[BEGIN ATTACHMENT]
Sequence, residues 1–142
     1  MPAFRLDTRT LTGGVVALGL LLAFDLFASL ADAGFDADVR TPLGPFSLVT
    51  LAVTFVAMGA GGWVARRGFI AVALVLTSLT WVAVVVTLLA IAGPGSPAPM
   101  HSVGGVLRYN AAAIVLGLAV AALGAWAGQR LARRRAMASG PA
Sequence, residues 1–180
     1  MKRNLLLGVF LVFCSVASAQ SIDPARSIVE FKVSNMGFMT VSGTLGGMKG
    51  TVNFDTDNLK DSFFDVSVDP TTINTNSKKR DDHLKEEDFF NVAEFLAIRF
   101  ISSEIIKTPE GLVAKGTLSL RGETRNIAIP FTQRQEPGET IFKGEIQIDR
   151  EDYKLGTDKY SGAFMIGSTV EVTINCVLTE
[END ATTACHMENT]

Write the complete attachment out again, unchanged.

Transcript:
Sequence, residues 1–142
     1  MPAFRLDTRT LTGGVVALGL LLAFDLFASL ADAGFDADVR TPLGPFSLVT
    51  LAVTFVAMGA GGWVARRGFI AVALVLTSLT WVAVVVTLLA IAGPGSPAPM
   101  HSVGGVLRYN AAAIVLGLAV AALGAWAGQR LARRRAMASG PA
Sequence, residues 1–180
     1  MKRNLLLGVF LVFCSVASAQ SIDPARSIVE FKVSNMGFMT VSGTLGGMKG
    51  TVNFDTDNLK DSFFDVSVDP TTINTNSKKR DDHLKEEDFF NVAEFLAIRF
   101  ISSEIIKTPE GLVAKGTLSL RGETRNIAIP FTQRQEPGET IFKGEIQIDR
   151  EDYKLGTDKY SGAFMIGSTV EVTINCVLTE